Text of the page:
Turkey Blockades Kurdish Town of Silopi, Pushing Kurds Out of Cizre

© AP Photo / Mahmut BozarslanBackdropped by a Turkish forces armoured personnel carrier, residents walk around after the 24-hour curfew was lifted, in the mostly-Kurdish town of Silopi, in southeastern Turkey, near the border with Iraq, Tuesday, Jan. 19, 2016
Backdropped by a Turkish forces armoured personnel carrier, residents walk around after the 24-hour curfew was lifted, in the mostly-Kurdish town of Silopi, in southeastern Turkey, near the border with Iraq, Tuesday, Jan. 19, 2016 - Sputnik International
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The Kurdish town of Silopi in southeastern Turkey is under a blockade, with a curfew in place at the moment, and the authorities are trying to drive the Kurds from the town of Cizre, Dirayet Tasdemir, a member of the Turkish parliament from the Kurdish People's Democratic Party, told Sputnik on Thursday.

Masked members of YDG-H, youth wing of the outlawed Kurdistan Workers Party (PKK), sit next to their weapons in Silvan, near the southeastern city of Diyarbakir, Turkey, August 17, 2015 - Sputnik International
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MOSCOW (Sputnik) "Now the town of Silopi [in the southeastern Sirnak province] is under a blockade and a curfew. Yesterday evening a building with civilians was shelled, and eight people died, including a 50-year-old woman and a child," Tasdemir said.

She added that 16 civilians had been killed in the Sirnak province.

Tensions between Ankara and the Kurds escalated in July 2015 as fighting between the Kurdistan Workers’ Party (PKK), the Kurdish pro-independence organization considered to be terrorist by Ankara, and the Turkish army resumed. Ankara has imposed several round-the-clock curfews in Kurdish-populated towns, preventing civilians from fleeing the regions where the military operations are taking place.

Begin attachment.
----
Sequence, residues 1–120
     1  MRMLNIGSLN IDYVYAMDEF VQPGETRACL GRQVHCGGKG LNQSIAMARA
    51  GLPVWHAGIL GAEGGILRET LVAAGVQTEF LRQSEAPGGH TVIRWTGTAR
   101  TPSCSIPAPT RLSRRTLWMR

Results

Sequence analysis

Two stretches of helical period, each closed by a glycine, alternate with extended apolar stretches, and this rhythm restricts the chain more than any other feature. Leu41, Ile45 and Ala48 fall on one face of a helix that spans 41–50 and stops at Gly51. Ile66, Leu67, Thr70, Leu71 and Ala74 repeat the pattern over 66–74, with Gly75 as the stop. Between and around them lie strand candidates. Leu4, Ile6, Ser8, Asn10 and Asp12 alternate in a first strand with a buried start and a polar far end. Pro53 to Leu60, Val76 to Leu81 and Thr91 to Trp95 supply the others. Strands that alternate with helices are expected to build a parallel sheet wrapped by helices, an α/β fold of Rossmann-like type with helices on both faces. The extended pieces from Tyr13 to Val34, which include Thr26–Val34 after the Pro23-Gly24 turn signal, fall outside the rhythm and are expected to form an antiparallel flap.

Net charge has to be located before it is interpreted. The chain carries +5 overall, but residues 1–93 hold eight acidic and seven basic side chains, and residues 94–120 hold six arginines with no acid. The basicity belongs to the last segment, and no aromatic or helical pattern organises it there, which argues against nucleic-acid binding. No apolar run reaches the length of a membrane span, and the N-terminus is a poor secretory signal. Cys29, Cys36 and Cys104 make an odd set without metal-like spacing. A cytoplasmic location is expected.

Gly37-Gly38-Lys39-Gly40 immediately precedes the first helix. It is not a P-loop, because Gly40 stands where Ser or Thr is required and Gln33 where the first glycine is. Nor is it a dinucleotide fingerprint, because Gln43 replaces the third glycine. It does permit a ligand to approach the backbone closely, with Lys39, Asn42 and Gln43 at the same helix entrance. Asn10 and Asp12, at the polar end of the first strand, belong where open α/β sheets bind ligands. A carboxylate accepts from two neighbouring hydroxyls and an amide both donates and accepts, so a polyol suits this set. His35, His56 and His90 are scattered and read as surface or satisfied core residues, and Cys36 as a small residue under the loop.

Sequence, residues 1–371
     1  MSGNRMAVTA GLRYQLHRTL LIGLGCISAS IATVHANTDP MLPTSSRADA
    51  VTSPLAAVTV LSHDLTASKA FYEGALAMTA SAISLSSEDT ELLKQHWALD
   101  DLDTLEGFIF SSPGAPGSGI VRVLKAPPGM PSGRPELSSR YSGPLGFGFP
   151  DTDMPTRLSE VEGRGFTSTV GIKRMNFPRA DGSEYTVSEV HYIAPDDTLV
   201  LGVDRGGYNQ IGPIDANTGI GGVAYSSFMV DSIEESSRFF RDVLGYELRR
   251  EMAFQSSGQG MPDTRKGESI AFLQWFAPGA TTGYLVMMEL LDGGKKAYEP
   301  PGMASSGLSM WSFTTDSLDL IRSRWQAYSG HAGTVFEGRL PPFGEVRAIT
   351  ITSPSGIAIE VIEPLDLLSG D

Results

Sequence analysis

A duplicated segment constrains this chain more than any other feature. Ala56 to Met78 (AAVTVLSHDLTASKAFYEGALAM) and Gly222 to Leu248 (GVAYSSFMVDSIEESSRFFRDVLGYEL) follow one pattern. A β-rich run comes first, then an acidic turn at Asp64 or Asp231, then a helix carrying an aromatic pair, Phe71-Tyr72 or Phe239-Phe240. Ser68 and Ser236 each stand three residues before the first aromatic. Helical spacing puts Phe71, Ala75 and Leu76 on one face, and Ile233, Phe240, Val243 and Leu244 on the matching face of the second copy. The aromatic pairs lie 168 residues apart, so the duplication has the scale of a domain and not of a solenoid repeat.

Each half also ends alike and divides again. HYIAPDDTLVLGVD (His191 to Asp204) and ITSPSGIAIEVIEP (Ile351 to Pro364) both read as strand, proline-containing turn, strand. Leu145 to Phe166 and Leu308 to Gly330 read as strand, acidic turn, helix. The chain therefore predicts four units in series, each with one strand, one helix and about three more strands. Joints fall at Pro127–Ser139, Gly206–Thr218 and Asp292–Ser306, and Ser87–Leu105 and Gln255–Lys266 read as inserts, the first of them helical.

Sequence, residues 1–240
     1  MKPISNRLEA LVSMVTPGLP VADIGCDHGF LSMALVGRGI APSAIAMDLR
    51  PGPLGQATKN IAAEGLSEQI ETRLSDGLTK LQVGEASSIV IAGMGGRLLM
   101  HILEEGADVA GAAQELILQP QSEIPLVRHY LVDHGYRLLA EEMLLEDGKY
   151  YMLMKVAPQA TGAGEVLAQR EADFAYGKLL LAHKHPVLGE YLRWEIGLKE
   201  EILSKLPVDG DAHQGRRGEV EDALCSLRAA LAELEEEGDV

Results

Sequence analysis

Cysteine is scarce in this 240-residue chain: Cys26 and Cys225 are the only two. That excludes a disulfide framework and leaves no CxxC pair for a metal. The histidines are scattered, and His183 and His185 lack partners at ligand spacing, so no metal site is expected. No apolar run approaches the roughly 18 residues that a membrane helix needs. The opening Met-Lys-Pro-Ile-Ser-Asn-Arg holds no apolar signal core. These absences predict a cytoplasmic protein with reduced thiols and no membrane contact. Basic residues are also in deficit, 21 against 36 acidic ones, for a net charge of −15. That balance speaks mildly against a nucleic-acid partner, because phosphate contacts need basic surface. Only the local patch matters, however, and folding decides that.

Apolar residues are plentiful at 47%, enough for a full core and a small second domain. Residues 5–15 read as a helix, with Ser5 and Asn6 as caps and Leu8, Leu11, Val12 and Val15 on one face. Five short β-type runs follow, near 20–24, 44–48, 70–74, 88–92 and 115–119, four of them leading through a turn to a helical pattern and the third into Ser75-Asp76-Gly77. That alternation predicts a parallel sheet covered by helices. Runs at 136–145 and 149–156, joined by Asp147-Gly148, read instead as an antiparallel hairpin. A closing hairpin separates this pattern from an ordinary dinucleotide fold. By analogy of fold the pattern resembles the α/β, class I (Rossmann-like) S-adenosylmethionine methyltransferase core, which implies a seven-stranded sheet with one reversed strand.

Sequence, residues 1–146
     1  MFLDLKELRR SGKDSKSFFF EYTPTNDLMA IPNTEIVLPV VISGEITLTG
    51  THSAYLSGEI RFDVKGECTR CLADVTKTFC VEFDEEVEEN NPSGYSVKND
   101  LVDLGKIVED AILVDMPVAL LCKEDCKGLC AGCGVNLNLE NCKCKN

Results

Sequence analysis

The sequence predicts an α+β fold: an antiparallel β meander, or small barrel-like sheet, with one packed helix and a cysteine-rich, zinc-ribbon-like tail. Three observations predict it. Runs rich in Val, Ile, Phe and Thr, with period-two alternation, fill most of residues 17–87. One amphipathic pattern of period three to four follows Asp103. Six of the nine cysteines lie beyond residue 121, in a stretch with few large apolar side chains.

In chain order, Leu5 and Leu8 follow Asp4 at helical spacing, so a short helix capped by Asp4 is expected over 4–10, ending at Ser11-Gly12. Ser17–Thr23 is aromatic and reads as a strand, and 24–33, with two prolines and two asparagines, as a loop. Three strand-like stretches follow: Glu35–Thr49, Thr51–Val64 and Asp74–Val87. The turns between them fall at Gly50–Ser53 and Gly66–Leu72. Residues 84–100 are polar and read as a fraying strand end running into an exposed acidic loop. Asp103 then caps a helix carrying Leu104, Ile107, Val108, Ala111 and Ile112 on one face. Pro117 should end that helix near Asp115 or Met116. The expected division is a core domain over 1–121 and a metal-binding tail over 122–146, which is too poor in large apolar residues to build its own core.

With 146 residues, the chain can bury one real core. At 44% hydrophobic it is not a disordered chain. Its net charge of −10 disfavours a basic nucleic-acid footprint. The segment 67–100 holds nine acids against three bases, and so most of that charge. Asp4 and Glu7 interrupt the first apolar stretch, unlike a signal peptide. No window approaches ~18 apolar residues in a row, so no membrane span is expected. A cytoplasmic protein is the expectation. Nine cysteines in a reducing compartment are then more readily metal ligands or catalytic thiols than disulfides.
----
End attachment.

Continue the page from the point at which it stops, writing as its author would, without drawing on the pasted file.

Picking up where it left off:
"In Cizre at the moment four districts are totally destroyed. Ten thousand houses are in a completely unlivable condition, including those buildings that did not come under shelling. But the Turkish troops entered those houses, marauded and made everything they could to make the buildings unlivable, on purpose," Tasdemir said.

"They want to clean the place from the Kurds," she added.

In 2013, the Turkish government initiated a peace process with the PKK. Talks were jeopardized in 2014, as Ankara was reluctant to help Kurds to fight the Islamic State terrorist group, outlawed in many countries, including Russia, when the jihadist group attacked the city of Kobani. The city remained under the siege by IS militants from September 2014 until January 2015, which caused some 400,000 Kurds to flee into Turkey.

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